Siege of Taormina (962)

The siege of Taormina in 962 was a successful siege by the Fatimid governors of Sicily of the main Byzantine fortress on the island, Taormina.

Siege of Taormina (962)
Part of Muslim conquest of Sicily
Location
Belligerents
Fatimid Caliphate Byzantine Empire

SiegeEdit

The siege was led by the Kalbid cousins Ahmad ibn al-Hasan al-Kalbi and al-Hasan ibn Ammar, and lasted for thirty weeks, until the city's fall on Christmas Day 962. 1,570 of the inhabitants (approximately one fifth of the population) went as slaves to the Fatimid Caliph al-Mu'izz; the town was renamed al-Mu'izziyya, and Muslim settlers were brought in.

AftermathEdit

Followed by the Fatimid victories in the siege of Rometta and the Battle of the Straits in 964–965, the fall of Taormina marked the end of the last Byzantine footholds on Sicily, and the final completion of the Muslim conquest of Sicily.[1][2]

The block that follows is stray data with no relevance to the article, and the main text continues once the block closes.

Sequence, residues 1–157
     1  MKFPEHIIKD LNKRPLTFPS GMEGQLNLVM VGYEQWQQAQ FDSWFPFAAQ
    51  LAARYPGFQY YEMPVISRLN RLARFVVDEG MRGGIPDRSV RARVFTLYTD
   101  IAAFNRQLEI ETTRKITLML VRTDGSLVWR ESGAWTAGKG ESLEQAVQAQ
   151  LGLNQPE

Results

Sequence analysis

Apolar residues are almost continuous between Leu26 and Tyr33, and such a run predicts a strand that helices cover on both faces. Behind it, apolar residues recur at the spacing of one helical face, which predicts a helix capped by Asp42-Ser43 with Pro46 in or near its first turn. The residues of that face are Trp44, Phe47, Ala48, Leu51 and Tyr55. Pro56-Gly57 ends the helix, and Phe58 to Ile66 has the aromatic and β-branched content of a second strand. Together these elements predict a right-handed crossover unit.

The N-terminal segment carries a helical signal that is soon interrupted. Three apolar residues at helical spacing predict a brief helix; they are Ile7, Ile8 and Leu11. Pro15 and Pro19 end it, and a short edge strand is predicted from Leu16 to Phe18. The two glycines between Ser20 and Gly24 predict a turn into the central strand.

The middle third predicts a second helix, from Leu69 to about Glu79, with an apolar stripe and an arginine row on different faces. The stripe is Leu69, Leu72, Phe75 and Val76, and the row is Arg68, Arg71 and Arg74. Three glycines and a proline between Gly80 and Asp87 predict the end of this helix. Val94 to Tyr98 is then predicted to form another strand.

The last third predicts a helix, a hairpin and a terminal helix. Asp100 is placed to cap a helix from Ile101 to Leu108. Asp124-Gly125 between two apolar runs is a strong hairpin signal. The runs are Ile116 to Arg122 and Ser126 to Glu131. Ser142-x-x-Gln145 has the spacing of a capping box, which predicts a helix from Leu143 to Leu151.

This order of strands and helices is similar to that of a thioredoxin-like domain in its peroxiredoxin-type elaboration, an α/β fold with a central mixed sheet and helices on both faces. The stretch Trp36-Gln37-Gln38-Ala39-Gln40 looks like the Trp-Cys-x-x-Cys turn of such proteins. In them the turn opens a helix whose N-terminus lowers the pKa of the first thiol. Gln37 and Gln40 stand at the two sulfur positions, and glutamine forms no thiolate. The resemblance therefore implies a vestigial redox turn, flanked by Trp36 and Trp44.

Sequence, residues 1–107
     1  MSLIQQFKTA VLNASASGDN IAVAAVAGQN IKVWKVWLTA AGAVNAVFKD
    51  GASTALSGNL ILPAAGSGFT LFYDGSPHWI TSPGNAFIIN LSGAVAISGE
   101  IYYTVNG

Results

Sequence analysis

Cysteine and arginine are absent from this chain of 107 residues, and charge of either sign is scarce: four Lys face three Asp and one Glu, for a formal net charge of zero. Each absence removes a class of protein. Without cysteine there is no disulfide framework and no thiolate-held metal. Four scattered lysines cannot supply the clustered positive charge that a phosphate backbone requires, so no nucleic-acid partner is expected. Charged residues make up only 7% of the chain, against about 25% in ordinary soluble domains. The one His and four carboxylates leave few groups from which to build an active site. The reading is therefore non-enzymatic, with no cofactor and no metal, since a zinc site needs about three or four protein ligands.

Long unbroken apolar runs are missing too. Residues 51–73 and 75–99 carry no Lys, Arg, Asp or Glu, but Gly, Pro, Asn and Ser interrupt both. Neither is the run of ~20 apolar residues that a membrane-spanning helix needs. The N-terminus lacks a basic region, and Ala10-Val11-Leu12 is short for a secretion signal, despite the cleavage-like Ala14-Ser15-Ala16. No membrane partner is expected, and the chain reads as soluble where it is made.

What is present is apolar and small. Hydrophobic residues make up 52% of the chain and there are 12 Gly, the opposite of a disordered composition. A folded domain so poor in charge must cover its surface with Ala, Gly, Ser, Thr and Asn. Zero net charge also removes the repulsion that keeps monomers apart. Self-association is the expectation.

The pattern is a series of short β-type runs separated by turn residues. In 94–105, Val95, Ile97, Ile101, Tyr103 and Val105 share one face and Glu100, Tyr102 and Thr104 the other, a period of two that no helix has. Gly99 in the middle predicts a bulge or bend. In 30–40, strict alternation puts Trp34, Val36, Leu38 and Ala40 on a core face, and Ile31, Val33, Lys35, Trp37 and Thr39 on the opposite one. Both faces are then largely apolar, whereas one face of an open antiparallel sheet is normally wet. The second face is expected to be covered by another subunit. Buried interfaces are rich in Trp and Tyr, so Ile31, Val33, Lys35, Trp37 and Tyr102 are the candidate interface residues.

ReferencesEdit

  1. ^ Metcalfe 2009, p. 55.
  2. ^ Brett 2001, p. 242.

SourcesEdit

  • Brett, Michael (2001). The Rise of the Fatimids: The World of the Mediterranean and the Middle East in the Fourth Century of the Hijra, Tenth Century CE. The Medieval Mediterranean. 30. Leiden: BRILL. ISBN 9004117415.
  • Metcalfe, Alex (2009). The Muslims of Medieval Italy. Edinburgh: Edinburgh University Press. ISBN 978-0-7486-2008-1.